Aside from the commercialism of it all,  aside from the very real pain of women who want children and have not  been able to bear them, I wonder if this is the best we can do for women. While honoring one’s parents is a Jewish value, I’m not sure that Mother’s Day offers any real honor.

Of course I wouldn’t dare not show up at my own mother’s house, but as for me, I’d rather see our society make genuine changes to the way we treat women. I would consider it a far greater honor to make sure that no girl need fear rape in her high school or college than to get some paid-for gift every year. It would be a lot more clear to me that our society cares about mothers and motherhood if it made more effort to feed the children of all the mothers in it, and pay women the worth of our work—equal to what a man would make.

Of course, that’s sort of the point. It takes a lot less work to show pretty once a year, and make a few grand pronouncements about how motherhood is the most important job than it does to actually honor women. That would require some big changes in the way we do business, in how we live our lives, and would require more than one day’s consideration.

And I will say this, too. You can’t truly honor mothers if you don’t have genuine respect for all women: before, during, and after the years of her fertility, whether or not she chooses to bear children, whether or not she is able.

So if you really want to honor your mother this weekend, get off your duff and go make the world better for every girl, for every old woman, for any child born of woman, boy or girl. Go on: then you can be the hero your mother always told you you were. And that would be the best Mother’s Day present you could give her.

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Posted on May 7, 2014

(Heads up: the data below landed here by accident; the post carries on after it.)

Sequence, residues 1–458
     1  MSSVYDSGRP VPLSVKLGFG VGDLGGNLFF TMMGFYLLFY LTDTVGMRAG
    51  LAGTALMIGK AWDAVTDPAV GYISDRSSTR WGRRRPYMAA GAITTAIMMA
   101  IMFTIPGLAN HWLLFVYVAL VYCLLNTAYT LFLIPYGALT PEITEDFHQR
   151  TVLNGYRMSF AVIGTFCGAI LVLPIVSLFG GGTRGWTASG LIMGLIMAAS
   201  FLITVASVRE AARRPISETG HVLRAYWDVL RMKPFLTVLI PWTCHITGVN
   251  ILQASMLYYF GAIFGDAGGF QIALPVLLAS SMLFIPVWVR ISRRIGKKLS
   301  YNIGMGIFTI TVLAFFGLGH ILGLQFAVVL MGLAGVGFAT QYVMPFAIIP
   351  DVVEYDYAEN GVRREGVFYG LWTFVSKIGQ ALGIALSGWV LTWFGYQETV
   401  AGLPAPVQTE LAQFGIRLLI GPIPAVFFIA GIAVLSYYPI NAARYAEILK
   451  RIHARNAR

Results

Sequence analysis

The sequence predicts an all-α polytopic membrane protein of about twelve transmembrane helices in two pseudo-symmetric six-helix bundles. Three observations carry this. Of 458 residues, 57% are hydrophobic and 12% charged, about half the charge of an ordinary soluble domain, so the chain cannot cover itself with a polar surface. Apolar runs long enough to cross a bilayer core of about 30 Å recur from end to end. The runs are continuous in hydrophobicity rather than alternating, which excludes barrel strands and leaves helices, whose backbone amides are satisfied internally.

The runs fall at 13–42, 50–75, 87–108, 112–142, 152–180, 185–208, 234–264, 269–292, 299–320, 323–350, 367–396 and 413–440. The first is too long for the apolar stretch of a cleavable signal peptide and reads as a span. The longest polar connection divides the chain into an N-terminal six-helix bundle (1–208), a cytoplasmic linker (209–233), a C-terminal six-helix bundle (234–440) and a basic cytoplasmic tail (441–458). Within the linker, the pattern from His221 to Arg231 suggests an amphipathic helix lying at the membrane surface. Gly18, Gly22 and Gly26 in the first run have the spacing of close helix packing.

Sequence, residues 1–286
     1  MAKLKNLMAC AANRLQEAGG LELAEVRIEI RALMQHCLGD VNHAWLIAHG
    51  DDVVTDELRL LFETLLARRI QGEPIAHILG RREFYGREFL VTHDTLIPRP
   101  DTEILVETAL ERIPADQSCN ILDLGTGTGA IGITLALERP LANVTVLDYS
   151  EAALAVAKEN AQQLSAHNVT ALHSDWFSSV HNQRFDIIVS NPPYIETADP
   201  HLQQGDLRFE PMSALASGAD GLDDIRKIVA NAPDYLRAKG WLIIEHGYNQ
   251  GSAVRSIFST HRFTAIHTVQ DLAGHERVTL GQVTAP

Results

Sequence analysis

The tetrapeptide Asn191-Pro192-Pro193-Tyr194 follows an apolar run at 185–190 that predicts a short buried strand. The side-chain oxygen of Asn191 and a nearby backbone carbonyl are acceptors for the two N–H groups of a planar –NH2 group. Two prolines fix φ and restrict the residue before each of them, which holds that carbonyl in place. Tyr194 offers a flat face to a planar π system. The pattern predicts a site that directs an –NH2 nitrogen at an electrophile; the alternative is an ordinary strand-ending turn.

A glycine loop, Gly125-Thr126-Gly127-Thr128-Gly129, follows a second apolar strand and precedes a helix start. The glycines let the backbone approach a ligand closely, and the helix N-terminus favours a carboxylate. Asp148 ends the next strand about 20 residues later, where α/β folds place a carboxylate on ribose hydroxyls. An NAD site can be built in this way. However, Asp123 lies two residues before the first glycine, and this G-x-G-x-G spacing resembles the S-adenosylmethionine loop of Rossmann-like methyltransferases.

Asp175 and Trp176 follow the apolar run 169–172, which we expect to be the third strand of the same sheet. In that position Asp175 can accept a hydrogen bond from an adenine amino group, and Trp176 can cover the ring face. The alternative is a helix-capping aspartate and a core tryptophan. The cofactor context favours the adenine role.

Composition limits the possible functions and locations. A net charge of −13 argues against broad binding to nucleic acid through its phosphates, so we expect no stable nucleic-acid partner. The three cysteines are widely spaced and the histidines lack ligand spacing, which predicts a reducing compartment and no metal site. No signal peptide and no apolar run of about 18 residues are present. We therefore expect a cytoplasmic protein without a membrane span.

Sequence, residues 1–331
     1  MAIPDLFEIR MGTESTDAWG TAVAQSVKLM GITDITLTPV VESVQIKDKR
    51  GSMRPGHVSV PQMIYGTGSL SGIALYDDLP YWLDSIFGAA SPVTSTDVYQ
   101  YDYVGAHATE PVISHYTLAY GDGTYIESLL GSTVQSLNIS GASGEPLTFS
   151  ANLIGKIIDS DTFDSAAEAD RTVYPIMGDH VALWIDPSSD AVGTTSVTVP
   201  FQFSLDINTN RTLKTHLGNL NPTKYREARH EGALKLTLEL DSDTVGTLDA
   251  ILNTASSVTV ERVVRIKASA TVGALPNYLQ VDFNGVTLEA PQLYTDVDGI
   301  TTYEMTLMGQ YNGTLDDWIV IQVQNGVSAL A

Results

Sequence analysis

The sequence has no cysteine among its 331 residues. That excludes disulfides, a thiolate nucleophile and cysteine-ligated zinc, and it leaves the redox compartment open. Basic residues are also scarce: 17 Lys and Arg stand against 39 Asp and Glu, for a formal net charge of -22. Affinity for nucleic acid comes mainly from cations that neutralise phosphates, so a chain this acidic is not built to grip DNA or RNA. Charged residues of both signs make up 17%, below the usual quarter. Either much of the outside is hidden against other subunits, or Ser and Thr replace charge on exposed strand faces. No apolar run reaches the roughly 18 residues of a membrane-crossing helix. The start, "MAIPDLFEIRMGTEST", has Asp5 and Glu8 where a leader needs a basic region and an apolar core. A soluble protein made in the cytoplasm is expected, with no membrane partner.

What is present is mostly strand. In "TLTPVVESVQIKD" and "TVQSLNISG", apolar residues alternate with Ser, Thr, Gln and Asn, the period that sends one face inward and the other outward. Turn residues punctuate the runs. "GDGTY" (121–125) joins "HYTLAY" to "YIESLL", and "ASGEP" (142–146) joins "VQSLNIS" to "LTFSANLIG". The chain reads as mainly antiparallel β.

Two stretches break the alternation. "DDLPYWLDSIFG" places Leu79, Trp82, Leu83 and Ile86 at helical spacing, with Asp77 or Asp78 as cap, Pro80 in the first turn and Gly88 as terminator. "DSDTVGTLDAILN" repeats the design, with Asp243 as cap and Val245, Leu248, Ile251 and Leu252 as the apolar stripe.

Note: The opinions expressed here are the personal views of the author. All comments on MyJewishLearning are moderated. Any comment that is offensive or inappropriate will be removed. Privacy Policy

The Pope’s Kippah

So the Pope lost his kippah for a moment. I’ve been there. As a fellow bald man and kippah wearer I totally relate. This story just made me like the guy even more (click here is see the Pope’s wardrobe malfunction).

Thanks to my photographer friend, Bill Aron, for sending this my way. [No, Bill didn't take the shot. In this case he just knew a good shot when he saw one.]

On May 25, 2014 Pope Francis will visit Israel. He’ll be in Jordan the day before, and while in Israel, he will also meet with the Palestinian Authority. He’s been fairly deft at walking the gauntlet. His sticking with a populist message of helping the poor and of contrition for Church leaders’ crimes has made me a fan. I also like lines such as, “who am I to judge?

I have high hopes for this visit. Not for the politics of the moment, between Palestinians and Israelis, but I have hopes for a high profile religious leader modeling that religion does not have to be the central problem. In fact, it isn’t.

Know this, Francis is not the only one. There are many of us out there.

In the history of the world, religion has often been at the heart of wars and bloodshed. People were right to fear and resent religion. But things have changed and continue to progress.  Around the world, right now, the hot spots are driven much more by the usual culprits of greed for control, wealth, and power. Yes, religion still plays a corrupting role, there are extremist, but a) their role is weaker, and b) the voices of the peaceful who respect differences and are not threatened by them are growing.

The strength of religion in the 21st century lies in a moral voice that does not compel through dogma, but rather attracts and embraces through humility and modeling a recognition that everyone is created in the image of the divine.